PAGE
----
An Offering

From Tangalle, we spent a day driving north into the hills of Kandy and the next three preparing for the bana (sermon) and the dhane (meal offering) we were here to give on the one year anniversary of Thaththa’s death.

When I try to put them into words I find that last year’s ceremonies are in my mind as images. But then people and places always are.

Last year, Z and I arrived in Sri Lanka only hours before Thaththa passed. There was grief. There was tiredness, acute and chronic, mixed like a bad dream with the energy of pain. There was jet lag and lack of sleep. There were people I had never seen before moving the furniture out of the living room.  I had no one to ask.  I do not speak the language and Z’s family had not been religious. Neither he nor Amma had experienced this before either.

Thaththa died in the afternoon. In the evening a monk arrived. Z bowed to him. In my head, I have an image of Z, his head at the monk’s feet, orange robes and orange tiles on the floor.  The monk chanted. I have an image of the living room cleared out, except a small table and the seat the monk is sitting in. On the table, there is a statue of the Buddha, a bowl of flowers, a glass of water and a clock.

For the dhane, the next morning, I have images of a full, full kitchen, and of fog, and of Ravindra, who was Thaththa’s caregiver, cutting pieces of banana frond into circles to cover the plates. He looked up at me and explained: “We offer the foods Sir liked to eat.” Ravindra always called Thaththa Sir. I remember thinking, Thaththa liked to eat everything.

I went back into the kitchen.  Rani, who has been part of the family longer than I have, was cooking. Pots and pans were stacked on every surface: Kiribath, and rice and stringhoppers (steamed rice noodle nests), steaming; smoky sour polos (jackfruit curry), coconut sambol, plates and dishes I didn’t recognize, can’t remember.  Besides those, fruit plates and sweets plates for each monk, who, when they arrived, sat along the perimeter of the room, in their orange robes, eating in the begging bowls they brought with them.

I could not explain what was happening, or what the monk said, but I had these images.

This time, I asked Amma if it was okay to take pictures of monks.

“I don’t know,” she said, but I can ask them.


We talked about the menu during the car ride. “I made marshmallows for the sweets plate,” Amma said, “Mahamma said she’s bringing bibikkan, and Kumari will probably send potato sweets.

Bibikkan is one of my favorites. Mahamma brought bibikkan for me and Z the first time I met her.  She took Z by the hand and gave him a heavy loaf all wrapped up in layers of newspaper, like she’s done every time I’ve seen her since then. I asked her the ingredients, but I could not understand her accent. Or, as Z likes to point out, she could not understand mine.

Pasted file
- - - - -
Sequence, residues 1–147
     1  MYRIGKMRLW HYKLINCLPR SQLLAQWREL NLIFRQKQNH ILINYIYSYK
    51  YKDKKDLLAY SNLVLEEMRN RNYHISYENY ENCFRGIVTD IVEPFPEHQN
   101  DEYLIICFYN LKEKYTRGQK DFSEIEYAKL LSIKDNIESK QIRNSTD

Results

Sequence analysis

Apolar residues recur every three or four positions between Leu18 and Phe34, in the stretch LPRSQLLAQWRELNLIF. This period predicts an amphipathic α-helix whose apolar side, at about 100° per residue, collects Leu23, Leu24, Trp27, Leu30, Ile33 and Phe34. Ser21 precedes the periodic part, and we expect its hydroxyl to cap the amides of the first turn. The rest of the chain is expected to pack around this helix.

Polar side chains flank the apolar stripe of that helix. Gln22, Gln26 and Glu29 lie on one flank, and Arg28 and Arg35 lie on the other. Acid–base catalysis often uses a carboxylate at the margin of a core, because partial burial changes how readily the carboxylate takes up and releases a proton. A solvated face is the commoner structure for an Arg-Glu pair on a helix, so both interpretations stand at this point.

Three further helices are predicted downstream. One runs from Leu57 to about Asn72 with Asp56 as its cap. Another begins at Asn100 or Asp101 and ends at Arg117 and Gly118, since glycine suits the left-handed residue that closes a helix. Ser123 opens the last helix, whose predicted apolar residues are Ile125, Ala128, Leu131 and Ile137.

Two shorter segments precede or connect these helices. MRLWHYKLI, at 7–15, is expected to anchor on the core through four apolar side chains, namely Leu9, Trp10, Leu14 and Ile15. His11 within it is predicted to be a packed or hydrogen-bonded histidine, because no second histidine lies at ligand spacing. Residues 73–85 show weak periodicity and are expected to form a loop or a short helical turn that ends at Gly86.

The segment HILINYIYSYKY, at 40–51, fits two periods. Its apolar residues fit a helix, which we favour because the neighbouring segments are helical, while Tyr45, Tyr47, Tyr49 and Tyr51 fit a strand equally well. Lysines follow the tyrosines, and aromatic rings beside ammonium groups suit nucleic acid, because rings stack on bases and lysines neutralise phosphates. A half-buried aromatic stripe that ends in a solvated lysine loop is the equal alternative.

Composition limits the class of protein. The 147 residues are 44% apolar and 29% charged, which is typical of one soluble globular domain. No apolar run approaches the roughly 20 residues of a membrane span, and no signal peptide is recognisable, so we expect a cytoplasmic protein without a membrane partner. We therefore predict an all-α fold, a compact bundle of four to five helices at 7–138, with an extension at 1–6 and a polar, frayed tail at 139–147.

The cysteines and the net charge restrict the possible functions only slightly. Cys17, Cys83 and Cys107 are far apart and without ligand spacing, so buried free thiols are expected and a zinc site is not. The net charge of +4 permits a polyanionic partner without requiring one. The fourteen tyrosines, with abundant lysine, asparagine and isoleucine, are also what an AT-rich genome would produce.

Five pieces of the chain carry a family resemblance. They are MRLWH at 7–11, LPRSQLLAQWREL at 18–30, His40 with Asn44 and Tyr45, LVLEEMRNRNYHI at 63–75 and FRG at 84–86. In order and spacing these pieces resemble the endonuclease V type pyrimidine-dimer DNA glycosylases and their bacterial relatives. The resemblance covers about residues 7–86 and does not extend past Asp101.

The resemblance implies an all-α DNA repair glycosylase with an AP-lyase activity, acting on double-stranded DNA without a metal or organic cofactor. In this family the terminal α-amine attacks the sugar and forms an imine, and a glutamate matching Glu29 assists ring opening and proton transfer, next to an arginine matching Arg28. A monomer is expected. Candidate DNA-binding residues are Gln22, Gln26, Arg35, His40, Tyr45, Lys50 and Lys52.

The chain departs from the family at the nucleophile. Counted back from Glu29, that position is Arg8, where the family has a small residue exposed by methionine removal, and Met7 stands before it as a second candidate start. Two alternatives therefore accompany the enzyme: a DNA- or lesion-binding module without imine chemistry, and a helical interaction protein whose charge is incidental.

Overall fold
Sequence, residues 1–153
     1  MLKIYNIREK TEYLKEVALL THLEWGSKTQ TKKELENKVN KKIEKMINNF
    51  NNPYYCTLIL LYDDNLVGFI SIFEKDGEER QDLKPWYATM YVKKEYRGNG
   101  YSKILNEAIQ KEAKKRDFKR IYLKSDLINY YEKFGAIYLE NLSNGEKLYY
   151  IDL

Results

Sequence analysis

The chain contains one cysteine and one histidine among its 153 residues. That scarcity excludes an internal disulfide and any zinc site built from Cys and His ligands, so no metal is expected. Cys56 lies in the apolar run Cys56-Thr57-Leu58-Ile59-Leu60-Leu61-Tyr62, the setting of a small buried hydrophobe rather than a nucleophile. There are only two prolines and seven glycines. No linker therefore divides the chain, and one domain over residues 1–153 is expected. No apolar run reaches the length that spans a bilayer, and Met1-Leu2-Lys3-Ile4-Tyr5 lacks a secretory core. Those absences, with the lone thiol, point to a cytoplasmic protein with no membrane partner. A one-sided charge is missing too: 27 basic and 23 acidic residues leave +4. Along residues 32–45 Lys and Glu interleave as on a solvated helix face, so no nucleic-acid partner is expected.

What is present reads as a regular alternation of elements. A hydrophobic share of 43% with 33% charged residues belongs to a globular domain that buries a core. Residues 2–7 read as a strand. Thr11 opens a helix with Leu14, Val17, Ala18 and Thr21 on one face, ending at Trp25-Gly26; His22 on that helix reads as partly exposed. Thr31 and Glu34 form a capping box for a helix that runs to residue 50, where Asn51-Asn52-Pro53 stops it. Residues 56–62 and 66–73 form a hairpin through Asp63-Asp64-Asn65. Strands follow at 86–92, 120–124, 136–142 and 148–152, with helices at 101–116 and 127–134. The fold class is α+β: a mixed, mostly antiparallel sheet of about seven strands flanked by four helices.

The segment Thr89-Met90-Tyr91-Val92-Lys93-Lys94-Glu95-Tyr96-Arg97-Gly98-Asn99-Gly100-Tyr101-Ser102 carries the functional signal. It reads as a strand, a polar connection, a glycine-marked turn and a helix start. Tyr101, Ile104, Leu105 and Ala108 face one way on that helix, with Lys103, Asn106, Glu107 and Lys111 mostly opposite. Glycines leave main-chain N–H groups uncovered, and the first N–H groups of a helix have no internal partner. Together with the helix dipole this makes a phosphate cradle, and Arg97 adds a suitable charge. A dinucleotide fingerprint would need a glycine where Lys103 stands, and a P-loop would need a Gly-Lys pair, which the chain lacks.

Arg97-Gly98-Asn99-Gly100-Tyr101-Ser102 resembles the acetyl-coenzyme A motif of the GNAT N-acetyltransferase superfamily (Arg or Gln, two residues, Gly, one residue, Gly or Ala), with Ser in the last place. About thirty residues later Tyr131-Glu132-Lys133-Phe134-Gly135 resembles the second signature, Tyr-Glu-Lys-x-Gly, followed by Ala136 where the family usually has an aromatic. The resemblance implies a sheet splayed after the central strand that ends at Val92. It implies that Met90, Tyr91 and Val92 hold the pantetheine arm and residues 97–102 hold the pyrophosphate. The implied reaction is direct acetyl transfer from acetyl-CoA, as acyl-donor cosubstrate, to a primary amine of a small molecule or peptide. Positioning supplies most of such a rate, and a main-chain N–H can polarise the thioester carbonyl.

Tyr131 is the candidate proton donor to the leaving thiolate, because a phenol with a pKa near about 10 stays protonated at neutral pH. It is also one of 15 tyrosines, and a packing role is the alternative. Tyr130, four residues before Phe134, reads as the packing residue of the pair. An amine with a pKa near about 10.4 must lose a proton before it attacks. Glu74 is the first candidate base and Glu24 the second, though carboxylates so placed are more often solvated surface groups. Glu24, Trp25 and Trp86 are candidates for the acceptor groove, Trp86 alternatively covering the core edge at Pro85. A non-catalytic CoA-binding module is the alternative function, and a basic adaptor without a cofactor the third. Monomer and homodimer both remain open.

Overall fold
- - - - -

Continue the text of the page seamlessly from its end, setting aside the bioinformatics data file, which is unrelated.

When Mahamma arrived for the bana I asked her for the recipe again. “Coconut water, golden syrup, cashew nuts, candied pumpkin, semolina, rosewater…,” she said, folding down fingers as she counted of the ingredients.

On our last visit to her house we caught a man delivering the cakes, the pans still warm. I’d forgotten this until I asked her how long to bake the batter. She shrugged. “I don’t know. My oven is not large. The baker always does it.”

As we left Mahamma’s, the time the baker delivered the cakes, white streamers crisscrossed over her alley.

“Look, a wedding.”

Z shook his head. “No, baby, white is for funerals.”

I finished writing down the recipe and asked Mahamma if I could take her picture. She smiled, but turned her head away.

By six that evening the living room was empty except for the monk’s chair, Z was on his way to the temple, Mahamma was in the kitchen, and Amma had changed into white.

I was sitting in our room, filled with the living room furniture, watching the sun go down. The sky was orange. Geckos chirped. Voices were starting to echo in the empty room downstairs. I tried to take a few pictures, but the light was low.


After the sermon, Z said to me, “I had a nice talk with the monk in the car on the ride home. He wanted to know if you spoke Sinhala.”

Z continued. “He said at first he thought you did, but then he wasn’t sure. I told him you didn’t. He said he would have translated for you if he’d known.”

It seemed funny, the idea of chatting with monk. “What else did you talk about?”

“We just talked. About politics, about the new road.” Z thought for a minute. “Because I don’t know the customs there isn’t that formality.”

“And he’s not offended?” I asked.

“No,” Z said, slowly, as he closed our bedroom door, “I think he likes it.”

Z and I folded our white clothes over the back of the stacked up living room chairs, slept, got up, and put them on again. By five thirty the next morning Z was on his way to get the monks for the dhane and I was taking pictures of Rani making cashew curry in the kitchen. Mahamma began to portion out the bibikkan. Someone rolled out a mat in the middle of the living room floor. I thought of Ravindra and took pictures.

The phone rang. Amma answered it. “They are leaving the temple now.”


The house is laid out it two parts, the living room and kitchen on one side, the bedrooms on the other. The formal front door is in the middle. Except for the dhane last year, I have never seen it used.

Amma stood at the door to the living room. I was just coming down the hall from the bedroom. The head monk was right outside the front door.

“Do you have your camera?” Amma whispered loudly.

I was trying to get it on when the head monk walked down the stairs, and then turned towards me. He held out a book. “This is for you,” he said, gently.

He handed it to me and then walked into the living room. Seven monks followed him. Z bowed to the floor.  They sat in their orange robes and ate from their begging bowls. And somehow I didn’t want to take any pictures.

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